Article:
I find lawmakers fascinating. For example, when states fail to pass distracted driving laws in the name of “freedom,” aren’t they basically signing off on Darwinism (i.e. survival of the fittest)? It’s as if they’re saying “well you’re free to do it, but if you’re dumb enough to get hurt, that’s on you.” Of course that ignores the fact that innocent bystanders are affected. Would you believe that more than 1,000 people are injured and almost 10 people die every day in the U.S. due to distracted drivers? Of course you would, because virtually every individual who reads this has engaged in one distracted driving behavior or another at some point.
Driving is difficult. Unfortunately, it’s not always simply our actions that lead to motor vehicle crashes. These crashes often involve more than one vehicle, and sometimes a drunk, distracted or otherwise impaired driver hits another car, the driver of which may be completely at attention. Thus, driving without distractions is about giving yourself the best opportunity to react to the conditions around you.
The Center for Disease Control and Prevention (CDC) categorizes distracting driving into three main types:
- Cognitive: taking your mind off of driving
- Manual: taking your hands off the wheel
- Visual: taking your eyes off the road
I know it seems like virtually anything you do in a car, from having a conversation to sipping on a drink qualifies, and in the event that seems a bit overbearing, remember you don’t get to see the consequences of all the bad decisions that lead to various death and other calamities that show up in an emergency room. If nothing else, today, I’d like for you to especially consider eliminating texting while driving because it combines all three of the above forms of distraction.
Here is some baseline data on motor vehicle collisions provided by the CDC.
- For the first time in nearly a decade, preliminary data from the National Safety Council estimates that as many as 40,000 people died in motor vehicle crashes in 2016. That marks a 6% increase over 2015 and a 14% increase over 2014 – the most dramatic two-year escalation in 53 years.
- An estimated 4.6 million roadway users were injured seriously enough to require medical attention, a 7% increase over 2015. This means 2016 may have been the deadliest year on the roads since 2007. Estimated cost to society was $432 billion.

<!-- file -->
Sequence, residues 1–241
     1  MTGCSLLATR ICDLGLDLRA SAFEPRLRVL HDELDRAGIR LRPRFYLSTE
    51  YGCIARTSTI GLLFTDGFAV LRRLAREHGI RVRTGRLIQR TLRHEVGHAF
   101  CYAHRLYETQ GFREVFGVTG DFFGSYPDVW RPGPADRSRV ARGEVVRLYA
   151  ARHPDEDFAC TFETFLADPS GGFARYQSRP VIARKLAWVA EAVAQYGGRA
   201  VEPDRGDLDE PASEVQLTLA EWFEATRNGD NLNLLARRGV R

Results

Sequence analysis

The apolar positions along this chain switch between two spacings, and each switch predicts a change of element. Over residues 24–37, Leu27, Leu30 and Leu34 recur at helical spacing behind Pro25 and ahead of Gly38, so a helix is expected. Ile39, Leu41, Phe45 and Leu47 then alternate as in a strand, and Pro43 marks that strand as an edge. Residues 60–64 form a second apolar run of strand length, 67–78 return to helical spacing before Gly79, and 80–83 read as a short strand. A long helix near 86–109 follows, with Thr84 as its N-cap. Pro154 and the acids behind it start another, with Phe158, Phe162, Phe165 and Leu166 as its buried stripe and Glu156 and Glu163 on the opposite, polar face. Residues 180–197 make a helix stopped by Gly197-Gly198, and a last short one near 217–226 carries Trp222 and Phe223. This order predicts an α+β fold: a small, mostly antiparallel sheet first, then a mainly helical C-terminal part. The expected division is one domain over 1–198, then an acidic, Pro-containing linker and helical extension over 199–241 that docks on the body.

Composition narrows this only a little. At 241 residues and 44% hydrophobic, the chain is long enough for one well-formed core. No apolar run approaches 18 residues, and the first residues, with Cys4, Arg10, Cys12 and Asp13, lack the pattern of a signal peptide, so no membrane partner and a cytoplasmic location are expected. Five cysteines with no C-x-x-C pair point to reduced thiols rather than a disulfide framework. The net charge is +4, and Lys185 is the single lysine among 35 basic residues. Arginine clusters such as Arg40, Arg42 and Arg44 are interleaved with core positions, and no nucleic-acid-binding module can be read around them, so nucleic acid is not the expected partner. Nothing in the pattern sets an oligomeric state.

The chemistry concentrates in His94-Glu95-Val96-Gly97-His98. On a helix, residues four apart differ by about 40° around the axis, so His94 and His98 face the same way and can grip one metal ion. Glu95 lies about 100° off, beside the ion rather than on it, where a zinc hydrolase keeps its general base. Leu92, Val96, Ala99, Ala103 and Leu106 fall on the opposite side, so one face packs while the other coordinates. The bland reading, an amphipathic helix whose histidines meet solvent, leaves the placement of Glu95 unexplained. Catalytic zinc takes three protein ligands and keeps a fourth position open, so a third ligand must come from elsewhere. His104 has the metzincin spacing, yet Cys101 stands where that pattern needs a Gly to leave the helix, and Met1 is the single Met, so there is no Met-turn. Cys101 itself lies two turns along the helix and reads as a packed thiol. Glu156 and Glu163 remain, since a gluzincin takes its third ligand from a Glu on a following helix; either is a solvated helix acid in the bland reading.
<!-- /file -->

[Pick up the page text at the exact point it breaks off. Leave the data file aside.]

Here’s some data from 2014, the most recently updated information.
- 16% of all motor vehicle crashes in the United States involved a distracted driver.
- 431,000 people were injured in motor vehicle crashes involving a distracted driver.
- 3,179 people died in crashes involving a distracted driver.
- 520 non-occupants (e.g., pedestrians and cyclists) died in a crash that involved a distracted driver.
- At any given time in 2015, an estimated 2.2% of all drivers on the road were texting or visibly using a hand-held device – the same percentage as in 2014.
- Research suggests that distraction is present during 52% of normal driving. Common distractions include interacting with an adult or teen passenger (15%), using a cell phone (6%), and using systems such as climate control and radio (4%).
Many states are banning texting while driving, or using graduated driver licensing systems for teen drivers to help raise awareness about the dangers of distracted driving and to keep it from occurring. That said, at the end of the day, this isn’t going to be legislated away. Even you will or won’t reduce your individual risk, and that can be done in some very specific ways.
- While driving, place your phone out of reach, or just cut it off.
- While a passenger, be assertive in preventing the driver from engaging in distracted activities.
It’s up to you. The life you save may be your own. I’ll text you later.
Feel free to ask your SMA expert consultant any questions you may have on this topic.
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